Madagascan Starling
Hartlaubius auratus

Passeriformes Order – Sturnidae Family

The Madagascan Starling is endemic to Madagascar where it frequents humid areas with woodland, and can be seen around villages. It is relatively common in the coastal regions of the islands except in more arid south-west. It feeds on fruits and insects and often forages in treetops.
The Madagascan Starling is currently widespread and not globally threatened.  

Length: 20-21 cm
Weight: 40 gr

The Madagascan Starling adult male has brown upperparts including nape, mantle and rump, and on the underparts, chin, throat and bib area in centre of breast. Rest of breast and flanks are darker chocolate-brown, whereas centre of belly, undertail-coverts and thighs are white with variable extent.
On the upperwing, the six outermost primaries show broad white stripe on outer web, and oval patch on inner web. The alula has also white outer web. Secondary and tertial flight-feathers are uniformly dark blue with some violet gloss. In flight, the contrasted wing pattern is conspicuous.
The tail is dark blue-green and slightly glossy. The outermost rectrices show white outer web. They are longer than other tail feathers, involving fork-shaped tail.
The head is dark chocolate-brown.
The bill is black. The eyes are brown. Legs and feet are black.

The adult female has similar plumage pattern but she is duller than male. On crown and nape, the feathers have pale edges. Chin, throat, breast and flanks are grey-brown with dark central streak on each feather.
The juvenile resembles female.

The Madagascan Starling is found in the coastal regions of Madagascar, except the more arid SW corner. It is less common in E, scarce or absent on Central Plateau, and local in CW.

The Madagascan Starling frequents humid areas with woodland and often occurs in treetops. But it can be seen on fringes of open areas such as clearings and cultivated fields, around villages and near rice paddles. It is usually below 1,800 metres. It is fairly common in rainforest below 1,000 metres of elevation.

The Madagascan Starling’s call is a repeated, high-pitched whistle given continuously from exposed perch and often during several minutes “tee tree-tee”. It also utters a loud, metallic “plick” usually often repeated. We can hear a quiet warbling song sometimes given at roost.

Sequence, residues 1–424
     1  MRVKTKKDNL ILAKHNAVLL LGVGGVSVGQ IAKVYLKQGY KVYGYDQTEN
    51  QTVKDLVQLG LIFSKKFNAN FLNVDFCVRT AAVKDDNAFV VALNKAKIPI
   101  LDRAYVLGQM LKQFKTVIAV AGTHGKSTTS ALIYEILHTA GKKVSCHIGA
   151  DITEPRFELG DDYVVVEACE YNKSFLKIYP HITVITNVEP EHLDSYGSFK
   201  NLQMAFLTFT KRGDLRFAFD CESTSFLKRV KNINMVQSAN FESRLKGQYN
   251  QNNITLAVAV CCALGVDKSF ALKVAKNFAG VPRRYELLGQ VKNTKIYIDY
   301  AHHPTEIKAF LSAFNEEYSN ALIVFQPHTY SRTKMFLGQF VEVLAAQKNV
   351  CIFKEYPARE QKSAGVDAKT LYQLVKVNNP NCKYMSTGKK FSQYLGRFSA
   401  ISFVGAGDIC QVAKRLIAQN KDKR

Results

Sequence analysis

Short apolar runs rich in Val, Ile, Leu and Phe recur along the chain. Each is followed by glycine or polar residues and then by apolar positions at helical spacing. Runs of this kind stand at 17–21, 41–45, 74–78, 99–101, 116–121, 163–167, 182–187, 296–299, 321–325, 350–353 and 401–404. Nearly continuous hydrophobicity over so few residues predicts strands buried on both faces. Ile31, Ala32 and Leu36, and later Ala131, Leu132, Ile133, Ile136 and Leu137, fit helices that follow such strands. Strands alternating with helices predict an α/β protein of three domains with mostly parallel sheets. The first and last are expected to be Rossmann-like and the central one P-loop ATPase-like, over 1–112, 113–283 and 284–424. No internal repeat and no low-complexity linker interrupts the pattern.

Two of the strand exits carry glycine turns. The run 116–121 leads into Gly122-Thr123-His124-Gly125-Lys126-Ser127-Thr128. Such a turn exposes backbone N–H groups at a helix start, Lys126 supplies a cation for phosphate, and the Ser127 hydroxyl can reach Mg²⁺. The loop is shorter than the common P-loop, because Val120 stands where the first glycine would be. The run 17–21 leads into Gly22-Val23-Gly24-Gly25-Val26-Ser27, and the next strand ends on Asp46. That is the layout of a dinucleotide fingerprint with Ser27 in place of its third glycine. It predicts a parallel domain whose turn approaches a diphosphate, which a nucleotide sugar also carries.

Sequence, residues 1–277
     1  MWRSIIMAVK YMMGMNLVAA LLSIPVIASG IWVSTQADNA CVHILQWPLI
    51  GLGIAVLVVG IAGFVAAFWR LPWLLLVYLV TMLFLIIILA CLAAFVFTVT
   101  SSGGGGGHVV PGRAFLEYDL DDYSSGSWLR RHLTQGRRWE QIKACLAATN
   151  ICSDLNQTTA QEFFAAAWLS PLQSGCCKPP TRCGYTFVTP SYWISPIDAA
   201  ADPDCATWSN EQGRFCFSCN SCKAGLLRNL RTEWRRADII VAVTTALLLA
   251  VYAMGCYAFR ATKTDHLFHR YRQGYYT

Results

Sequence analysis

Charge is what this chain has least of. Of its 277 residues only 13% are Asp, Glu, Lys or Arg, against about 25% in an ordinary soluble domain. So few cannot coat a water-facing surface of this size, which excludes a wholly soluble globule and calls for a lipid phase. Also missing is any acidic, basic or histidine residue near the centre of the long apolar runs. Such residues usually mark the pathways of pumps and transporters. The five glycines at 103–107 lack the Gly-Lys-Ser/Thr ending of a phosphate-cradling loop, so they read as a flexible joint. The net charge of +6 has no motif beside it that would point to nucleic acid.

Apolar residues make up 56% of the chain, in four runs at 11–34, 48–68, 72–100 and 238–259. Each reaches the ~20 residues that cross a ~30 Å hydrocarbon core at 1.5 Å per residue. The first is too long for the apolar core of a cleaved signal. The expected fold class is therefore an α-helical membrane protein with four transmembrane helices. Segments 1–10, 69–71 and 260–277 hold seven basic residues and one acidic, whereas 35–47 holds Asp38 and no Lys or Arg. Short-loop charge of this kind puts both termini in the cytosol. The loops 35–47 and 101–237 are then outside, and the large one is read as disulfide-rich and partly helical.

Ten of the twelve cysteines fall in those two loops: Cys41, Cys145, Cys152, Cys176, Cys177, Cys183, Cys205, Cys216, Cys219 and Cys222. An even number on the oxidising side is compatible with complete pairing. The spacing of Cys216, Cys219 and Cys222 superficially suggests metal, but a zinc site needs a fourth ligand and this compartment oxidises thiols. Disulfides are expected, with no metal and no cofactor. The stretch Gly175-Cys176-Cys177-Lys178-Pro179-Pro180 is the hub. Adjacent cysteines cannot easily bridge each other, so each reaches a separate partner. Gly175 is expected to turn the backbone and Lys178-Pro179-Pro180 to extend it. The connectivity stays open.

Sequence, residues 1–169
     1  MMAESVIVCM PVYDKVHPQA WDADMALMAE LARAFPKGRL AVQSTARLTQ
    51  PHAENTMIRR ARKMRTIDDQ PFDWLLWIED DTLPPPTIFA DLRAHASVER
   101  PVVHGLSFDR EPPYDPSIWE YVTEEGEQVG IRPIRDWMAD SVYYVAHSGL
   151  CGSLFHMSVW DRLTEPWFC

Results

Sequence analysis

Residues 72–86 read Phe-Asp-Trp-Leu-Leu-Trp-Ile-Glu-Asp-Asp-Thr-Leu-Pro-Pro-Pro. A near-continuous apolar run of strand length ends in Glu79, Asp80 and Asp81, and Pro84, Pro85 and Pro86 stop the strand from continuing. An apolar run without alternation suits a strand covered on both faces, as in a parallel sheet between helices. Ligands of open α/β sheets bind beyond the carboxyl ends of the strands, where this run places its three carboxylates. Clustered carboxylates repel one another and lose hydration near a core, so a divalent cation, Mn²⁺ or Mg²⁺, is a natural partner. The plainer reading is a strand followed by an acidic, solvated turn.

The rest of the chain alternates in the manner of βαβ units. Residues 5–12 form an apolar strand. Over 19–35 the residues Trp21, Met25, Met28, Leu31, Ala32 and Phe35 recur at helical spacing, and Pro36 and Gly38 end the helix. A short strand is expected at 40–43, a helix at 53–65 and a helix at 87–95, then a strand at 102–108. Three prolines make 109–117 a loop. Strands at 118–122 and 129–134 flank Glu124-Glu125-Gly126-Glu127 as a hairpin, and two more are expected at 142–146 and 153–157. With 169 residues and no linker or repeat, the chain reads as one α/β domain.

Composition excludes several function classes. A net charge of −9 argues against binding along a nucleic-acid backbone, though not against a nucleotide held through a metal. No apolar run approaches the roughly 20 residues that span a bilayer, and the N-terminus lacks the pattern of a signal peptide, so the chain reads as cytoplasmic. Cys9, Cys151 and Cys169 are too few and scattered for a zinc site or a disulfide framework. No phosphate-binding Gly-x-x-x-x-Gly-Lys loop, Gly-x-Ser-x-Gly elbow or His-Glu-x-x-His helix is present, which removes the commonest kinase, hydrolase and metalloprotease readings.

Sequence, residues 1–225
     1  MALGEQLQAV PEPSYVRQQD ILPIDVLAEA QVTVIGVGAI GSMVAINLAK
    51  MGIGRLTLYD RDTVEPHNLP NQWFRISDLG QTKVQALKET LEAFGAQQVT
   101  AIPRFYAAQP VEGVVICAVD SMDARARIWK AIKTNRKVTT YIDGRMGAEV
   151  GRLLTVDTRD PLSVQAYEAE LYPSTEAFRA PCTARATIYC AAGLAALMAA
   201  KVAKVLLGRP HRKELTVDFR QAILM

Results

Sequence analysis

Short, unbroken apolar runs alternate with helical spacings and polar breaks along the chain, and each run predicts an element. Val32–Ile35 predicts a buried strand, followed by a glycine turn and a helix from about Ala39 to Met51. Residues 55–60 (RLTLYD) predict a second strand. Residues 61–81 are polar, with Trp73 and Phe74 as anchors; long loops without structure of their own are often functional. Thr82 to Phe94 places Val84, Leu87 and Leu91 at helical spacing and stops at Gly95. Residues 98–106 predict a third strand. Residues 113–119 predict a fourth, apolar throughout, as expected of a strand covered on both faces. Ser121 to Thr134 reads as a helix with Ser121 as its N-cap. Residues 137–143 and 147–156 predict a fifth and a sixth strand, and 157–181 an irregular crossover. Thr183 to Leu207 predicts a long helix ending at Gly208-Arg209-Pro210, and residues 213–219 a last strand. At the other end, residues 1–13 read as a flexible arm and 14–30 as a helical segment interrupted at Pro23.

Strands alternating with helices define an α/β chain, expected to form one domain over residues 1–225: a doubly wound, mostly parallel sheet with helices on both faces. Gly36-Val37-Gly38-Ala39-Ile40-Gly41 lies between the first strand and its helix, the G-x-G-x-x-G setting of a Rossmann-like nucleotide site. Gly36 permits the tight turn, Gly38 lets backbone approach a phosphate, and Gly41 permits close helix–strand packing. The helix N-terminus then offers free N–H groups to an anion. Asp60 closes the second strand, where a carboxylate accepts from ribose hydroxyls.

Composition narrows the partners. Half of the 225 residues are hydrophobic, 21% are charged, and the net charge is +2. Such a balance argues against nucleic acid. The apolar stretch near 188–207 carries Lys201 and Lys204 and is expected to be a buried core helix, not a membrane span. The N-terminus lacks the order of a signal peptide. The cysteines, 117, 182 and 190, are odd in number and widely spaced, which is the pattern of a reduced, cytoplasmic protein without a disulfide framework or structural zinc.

The Madagascan Starling feeds primarily on small fruits and takes occasionally insects and invertebrates.
The fruits include Ficus species and berries. It forages for insects at dung pats.
It usually forages in treetops at forest edge, and can be seen perched on exposed branches. It is rarely if ever on the ground.

The Madagascan Starling is generally found in small family groups or in flocks of 4-20 individuals.
The breeding behaviour is unknown.

The Madagascan Starling is resident on the island, but it probably moves locally according to food availability, and especially fruit.

The breeding season probably occurs in September/November.
The Madagascan Starling typically nests in tree holes, but the nest is undescribed.
The female lays pale blue eggs with rusty-brown markings.
No more information.

The Madagascan Starling is widespread and still common throughout the range. However, it is threatened by destruction and fragmentation of the habitat, involving the decline of the population.
But the Madagascan Starling is not globally threatened and currently evaluated as Least Concern.
Fr: Étourneau malgache
Ang: Madagascan Starling
All: Madagaskarstar
Esp: Estornino Malgache
Ita: Storno del Madagascar
Nd: Madagaskarspreeuw
Sd: madagaskarstare
Mal: poretika, Vorontainaomby

Text by Nicole Bouglouan


HANDBOOK OF THE BIRDS OF THE WORLD Vol 14 by Josep del Hoyo-Andrew Elliot-David Christie - Lynx Edicions – ISBN: 9788496553507

Birds of Madagascar: A Photographic Guide Par Pete Morris, Frank Hawkins – ISBN: 0300077556, 9780300077551- Editeur: Yale University Press, 1998

Birds of Madagascar and the Indian Ocean Islands Par Roger Safford, Adrian Skerrett, Frank Hawkins – ISBN: 1472924118, 9781472924117- Editeur: Bloomsbury Publishing, 2015

Starlings and Mynas by Adrian Craig, Chris Feare – Helm Identification Guides -Bloomsbury Publishing, 2010 – ISBN: 1408135205, 9781408135204

Birds of the Indian Ocean Islands Par Ian Sinclair, Olivier Langrand - ISBN: 1868729567, 9781868729562- Editeur: Struik, 2003

Avibase (Denis Lepage)

Birdlife International

HBW Alive


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